St Jean and Lorient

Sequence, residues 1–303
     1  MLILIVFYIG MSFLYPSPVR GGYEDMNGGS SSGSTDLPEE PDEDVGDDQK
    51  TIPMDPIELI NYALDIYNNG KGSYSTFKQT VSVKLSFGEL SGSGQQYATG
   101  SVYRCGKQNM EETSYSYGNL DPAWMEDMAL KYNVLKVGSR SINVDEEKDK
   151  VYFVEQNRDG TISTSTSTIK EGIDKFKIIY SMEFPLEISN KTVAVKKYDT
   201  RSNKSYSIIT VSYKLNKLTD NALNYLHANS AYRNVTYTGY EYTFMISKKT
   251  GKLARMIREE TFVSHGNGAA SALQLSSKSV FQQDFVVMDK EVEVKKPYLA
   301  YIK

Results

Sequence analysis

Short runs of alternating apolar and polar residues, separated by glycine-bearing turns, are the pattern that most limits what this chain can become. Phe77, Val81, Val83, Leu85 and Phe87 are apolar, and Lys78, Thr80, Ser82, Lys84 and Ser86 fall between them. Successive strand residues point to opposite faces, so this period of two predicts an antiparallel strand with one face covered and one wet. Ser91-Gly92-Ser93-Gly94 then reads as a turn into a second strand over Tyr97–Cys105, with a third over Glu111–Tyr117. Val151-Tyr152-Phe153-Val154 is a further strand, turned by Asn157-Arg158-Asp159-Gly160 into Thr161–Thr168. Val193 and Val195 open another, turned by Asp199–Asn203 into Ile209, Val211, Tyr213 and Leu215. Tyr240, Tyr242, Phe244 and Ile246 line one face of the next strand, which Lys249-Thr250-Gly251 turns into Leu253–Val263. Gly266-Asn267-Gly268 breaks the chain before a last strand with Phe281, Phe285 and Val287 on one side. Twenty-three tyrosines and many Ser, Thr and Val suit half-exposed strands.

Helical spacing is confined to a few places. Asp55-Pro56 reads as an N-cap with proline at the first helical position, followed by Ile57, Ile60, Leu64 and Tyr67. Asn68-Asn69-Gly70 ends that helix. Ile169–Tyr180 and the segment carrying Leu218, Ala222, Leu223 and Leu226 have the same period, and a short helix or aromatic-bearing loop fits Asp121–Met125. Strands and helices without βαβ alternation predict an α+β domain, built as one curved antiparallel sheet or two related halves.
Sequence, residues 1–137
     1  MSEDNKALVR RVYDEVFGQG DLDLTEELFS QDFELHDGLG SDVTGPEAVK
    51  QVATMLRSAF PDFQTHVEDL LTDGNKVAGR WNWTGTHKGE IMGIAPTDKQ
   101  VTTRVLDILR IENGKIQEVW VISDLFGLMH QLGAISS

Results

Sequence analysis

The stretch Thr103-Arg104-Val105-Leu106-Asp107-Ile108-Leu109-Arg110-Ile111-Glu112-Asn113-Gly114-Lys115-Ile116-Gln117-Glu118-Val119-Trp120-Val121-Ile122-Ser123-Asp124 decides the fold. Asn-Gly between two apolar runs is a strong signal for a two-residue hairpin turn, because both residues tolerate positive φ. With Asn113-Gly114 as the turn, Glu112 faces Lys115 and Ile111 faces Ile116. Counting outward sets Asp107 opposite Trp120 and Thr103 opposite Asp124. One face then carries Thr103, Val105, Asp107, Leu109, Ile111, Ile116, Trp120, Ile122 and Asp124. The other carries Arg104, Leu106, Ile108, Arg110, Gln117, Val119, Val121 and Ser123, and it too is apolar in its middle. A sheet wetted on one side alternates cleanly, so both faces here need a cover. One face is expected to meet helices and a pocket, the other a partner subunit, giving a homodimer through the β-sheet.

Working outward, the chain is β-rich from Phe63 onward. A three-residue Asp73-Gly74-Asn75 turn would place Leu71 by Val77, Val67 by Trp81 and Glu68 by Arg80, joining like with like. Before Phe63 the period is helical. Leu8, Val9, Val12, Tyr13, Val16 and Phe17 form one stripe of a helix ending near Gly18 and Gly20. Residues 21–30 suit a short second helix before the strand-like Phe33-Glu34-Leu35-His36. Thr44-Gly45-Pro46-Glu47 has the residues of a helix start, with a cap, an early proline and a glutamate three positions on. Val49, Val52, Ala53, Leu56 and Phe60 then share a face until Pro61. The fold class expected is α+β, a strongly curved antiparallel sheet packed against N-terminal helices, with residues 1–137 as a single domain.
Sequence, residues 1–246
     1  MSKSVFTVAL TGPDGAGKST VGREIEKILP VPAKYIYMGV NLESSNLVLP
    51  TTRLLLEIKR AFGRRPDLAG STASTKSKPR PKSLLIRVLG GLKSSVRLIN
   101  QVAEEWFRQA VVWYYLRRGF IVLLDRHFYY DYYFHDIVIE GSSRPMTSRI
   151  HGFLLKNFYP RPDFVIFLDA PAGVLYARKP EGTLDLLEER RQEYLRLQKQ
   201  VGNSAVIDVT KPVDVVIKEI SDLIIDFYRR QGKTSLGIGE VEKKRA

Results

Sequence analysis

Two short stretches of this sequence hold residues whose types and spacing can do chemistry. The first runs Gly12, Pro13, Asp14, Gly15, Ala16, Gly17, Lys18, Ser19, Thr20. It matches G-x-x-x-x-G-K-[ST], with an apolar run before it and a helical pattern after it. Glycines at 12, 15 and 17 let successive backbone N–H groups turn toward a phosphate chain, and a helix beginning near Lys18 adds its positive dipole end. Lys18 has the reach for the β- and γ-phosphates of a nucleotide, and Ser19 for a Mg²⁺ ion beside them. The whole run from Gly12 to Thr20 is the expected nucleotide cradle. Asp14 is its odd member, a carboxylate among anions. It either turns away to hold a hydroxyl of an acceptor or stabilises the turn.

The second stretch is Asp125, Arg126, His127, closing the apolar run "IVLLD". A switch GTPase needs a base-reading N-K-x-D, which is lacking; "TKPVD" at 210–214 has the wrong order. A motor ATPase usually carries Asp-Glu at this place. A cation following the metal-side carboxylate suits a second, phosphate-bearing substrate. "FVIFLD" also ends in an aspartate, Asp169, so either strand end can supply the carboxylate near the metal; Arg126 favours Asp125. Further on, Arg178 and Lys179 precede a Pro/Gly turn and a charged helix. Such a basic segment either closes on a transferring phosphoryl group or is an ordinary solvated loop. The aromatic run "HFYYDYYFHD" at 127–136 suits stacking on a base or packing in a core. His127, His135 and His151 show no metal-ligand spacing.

Hiding in the centre of the island of St Barts is the tiny village of St Jean. Undoubtedly, the top attraction in this area is the magnificent St Jean Beach, which is split in two by the fabulous Eden Rock hotel. This beach is simply divine with its sugary white sand and warm, calm waters which are perfect for a swim under the sun on a St Barts cruise excursion. The beach also offers a variety of exhilarating watersports and the excellent wind conditions at St Jean make it a prime location for windsurfing. Stop for a cocktail at one of the beach’s trendy clubs, such as Nikki Beach and Lil Rock. St Jean is also a haven for boutique shops and delicious restaurants. Peruse the selection of aromatic spices for sale at Sea Spice, where you can also find handmade jewellery and pieces of artwork created by local artists. Not far from the Gustaf III Airport in St Jean you might notice a large bronze statue of a man standing on a rock, drinking from a conch. This is the ‘Savaku’ statue, which is representative of the Arawak people who live in St Jean and is accompanied by an iguana and a pelican – the national symbol of the island. A short drive eastward from St Jean is the serene village of Lorient. It was here that the first French colonists to arrive on St Barts settled, and today it is home to a large stone 19th-century Catholic church, where conch shells are used as holy water basins. The peaceful beach at Lorient is a less-crowded alternative to St Jean and also a favourite spot for surfers.